“Education is what remains after one has forgotten what one has learned in school.”
The Tooele County School District is an enormous institution. According to the Utah Department of Workforce Services, it’s the largest employer in the county (1,000-1,999 employees), with a $174 million 2019-20 fiscal year budget. It’s also an enormous institution with a big responsibility:
To provide a quality public school education for our children.
Such is a complex task that takes an orchestration of people and ideas akin to putting a man or a woman on Mars. But based on results, the school district is doing a good job — yet with room for improvement.
The most recently available performance evaluations (from 2017) by the state Board of Education show that the majority of the district’s 24 schools are rated as “typical,” which is defined as meets expectations or adequate. Stansbury Elementary is the lone standout district school with an “exemplary” rating, with the other being Excelsior Academy, a charter school. Exemplary means exceeds expectations and outstanding to the state school board.
But this editorial is not to review and comment on the mechanicals of providing quality education that sticks and results in strong test scores. Performance evaluations are vital, but perhaps the ultimate measurement of academic value will always reside within the humanity factor of teaching, that special bond between student and teacher which sparks a desire to learn — hopefully for a lifetime. Those who have experienced such indelible insight with a teacher know this point well. Many are eternally grateful for it, too.
That special bond comes to mind as approximately 16,000 students, 800 teachers and countless professional support staff went back to the classroom Monday to start the 2019-20 school year. And this bond — to reach out, connect and transform lives through the gift of learning — we encourage all local educators to aspire to and uphold.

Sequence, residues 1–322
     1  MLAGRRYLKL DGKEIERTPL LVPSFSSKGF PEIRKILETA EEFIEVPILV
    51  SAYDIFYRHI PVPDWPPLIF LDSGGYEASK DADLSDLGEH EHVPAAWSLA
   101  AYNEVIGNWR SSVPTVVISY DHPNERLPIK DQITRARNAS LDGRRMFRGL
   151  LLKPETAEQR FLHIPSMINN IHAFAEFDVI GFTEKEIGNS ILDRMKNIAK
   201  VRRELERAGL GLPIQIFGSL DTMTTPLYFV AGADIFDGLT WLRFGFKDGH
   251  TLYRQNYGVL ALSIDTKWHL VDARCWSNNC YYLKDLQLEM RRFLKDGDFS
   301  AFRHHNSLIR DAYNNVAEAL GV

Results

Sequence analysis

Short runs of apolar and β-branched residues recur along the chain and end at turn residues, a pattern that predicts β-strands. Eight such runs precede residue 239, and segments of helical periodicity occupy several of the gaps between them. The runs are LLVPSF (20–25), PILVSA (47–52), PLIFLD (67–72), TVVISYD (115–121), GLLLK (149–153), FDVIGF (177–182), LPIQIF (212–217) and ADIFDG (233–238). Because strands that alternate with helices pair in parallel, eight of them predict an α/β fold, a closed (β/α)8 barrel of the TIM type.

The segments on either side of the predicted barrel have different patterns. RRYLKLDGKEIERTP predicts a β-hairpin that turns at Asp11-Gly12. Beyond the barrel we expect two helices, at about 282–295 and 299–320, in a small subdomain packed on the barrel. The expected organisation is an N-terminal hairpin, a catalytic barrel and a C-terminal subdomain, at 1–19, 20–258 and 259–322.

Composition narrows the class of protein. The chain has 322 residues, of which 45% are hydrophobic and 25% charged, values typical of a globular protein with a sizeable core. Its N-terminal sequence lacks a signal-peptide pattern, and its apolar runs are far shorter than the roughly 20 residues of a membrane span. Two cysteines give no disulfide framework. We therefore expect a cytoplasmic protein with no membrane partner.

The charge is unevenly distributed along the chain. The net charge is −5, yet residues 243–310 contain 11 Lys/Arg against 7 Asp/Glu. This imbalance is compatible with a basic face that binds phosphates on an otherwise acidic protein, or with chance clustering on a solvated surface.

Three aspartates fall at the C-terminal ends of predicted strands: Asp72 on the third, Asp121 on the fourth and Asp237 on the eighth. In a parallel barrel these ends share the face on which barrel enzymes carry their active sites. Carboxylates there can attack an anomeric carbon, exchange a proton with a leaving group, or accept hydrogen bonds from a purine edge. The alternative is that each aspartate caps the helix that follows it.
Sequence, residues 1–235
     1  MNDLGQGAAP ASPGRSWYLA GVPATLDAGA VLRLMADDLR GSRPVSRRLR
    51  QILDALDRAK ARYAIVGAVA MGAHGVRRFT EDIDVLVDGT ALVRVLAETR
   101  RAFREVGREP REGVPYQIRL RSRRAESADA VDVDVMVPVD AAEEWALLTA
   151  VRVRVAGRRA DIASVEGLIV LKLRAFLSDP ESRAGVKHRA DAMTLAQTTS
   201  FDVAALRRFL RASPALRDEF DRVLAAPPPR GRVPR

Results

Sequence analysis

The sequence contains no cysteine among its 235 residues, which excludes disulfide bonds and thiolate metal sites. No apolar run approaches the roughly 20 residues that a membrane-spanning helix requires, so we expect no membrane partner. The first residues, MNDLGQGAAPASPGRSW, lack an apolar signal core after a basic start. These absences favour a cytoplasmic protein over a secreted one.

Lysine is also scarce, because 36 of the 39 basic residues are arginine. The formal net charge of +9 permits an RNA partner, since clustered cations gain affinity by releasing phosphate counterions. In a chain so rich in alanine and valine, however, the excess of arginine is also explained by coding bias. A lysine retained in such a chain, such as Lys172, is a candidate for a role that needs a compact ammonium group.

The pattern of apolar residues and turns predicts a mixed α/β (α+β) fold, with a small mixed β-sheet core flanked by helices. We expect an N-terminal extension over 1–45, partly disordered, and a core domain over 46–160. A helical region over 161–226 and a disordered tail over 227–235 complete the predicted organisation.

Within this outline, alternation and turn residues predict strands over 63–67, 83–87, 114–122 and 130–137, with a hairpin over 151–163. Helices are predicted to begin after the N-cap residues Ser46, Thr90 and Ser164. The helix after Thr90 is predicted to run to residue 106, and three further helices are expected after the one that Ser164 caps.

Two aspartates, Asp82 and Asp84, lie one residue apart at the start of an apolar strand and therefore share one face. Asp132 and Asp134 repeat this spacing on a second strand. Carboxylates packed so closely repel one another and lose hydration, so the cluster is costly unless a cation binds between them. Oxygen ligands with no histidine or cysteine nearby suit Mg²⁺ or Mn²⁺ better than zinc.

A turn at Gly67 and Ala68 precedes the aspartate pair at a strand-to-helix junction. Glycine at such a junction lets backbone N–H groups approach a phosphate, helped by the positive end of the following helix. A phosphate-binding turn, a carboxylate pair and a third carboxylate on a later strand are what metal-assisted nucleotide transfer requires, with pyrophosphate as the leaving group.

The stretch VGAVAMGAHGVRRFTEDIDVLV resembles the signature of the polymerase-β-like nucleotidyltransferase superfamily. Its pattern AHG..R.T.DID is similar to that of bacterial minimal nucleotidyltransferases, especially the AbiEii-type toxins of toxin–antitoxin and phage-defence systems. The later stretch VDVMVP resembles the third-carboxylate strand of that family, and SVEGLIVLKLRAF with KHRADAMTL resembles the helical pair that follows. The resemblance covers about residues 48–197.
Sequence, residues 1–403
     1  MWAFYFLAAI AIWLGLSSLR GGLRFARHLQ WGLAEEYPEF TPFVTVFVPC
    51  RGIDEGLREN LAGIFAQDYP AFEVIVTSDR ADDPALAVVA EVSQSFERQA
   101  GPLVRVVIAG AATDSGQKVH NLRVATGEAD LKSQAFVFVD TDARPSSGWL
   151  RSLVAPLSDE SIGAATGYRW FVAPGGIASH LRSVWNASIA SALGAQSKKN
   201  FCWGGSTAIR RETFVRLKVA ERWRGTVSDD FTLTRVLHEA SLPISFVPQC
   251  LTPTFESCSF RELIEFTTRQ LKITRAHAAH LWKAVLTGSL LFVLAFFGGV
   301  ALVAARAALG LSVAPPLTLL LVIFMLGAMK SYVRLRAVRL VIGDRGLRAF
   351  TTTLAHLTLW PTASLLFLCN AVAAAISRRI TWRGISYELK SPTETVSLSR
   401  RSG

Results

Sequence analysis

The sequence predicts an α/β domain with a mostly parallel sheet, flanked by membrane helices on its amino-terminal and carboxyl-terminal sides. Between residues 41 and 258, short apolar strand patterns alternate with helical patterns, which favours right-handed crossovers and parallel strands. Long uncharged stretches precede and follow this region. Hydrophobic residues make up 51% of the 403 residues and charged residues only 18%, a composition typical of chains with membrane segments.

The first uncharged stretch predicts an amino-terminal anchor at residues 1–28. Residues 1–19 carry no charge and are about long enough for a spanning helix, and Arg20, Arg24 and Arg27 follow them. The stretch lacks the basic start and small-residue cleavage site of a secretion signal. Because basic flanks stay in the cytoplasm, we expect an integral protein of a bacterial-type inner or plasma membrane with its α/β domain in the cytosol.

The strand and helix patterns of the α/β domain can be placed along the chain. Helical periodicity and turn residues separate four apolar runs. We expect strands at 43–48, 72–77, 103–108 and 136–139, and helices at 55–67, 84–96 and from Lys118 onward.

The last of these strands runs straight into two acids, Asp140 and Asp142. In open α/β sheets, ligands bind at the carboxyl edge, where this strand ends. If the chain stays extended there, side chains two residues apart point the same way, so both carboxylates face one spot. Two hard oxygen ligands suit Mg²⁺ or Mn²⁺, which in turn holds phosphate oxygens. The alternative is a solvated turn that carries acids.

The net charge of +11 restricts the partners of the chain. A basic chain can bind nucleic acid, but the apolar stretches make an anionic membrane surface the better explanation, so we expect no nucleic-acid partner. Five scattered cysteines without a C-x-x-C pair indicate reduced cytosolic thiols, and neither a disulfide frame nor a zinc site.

All of which is a big responsibility that dedicated and enthusiastic teachers gladly accept and fulfill in the classroom every day. For such teachers know that education is more than learning how to read and write and add and subtract. It’s about empowerment, self-esteem and replacing an “empty mind with an open one” as the late Malcolm Forbes, the American entrepreneur and magazine publisher, reportedly once said.
And by having an open mind, the optics through which a student views himself or herself, others and the world can be broadened like the chasm of the Grand Canyon. In turn, greater levels of understanding and empathy can be attained in how the world works and how life can be improved.
Indeed, tomorrow’s future — and the very health of our nation’s democracy and liberty — is in the minds, hearts and hands of today’s children. How well they shape that future may be strongly influenced by how well they learn in the classroom.
The above quote from Albert Einstein is witty, and it is well known that he disliked school. But he could have said more: The education that remains is likely the result of a teacher’s good work.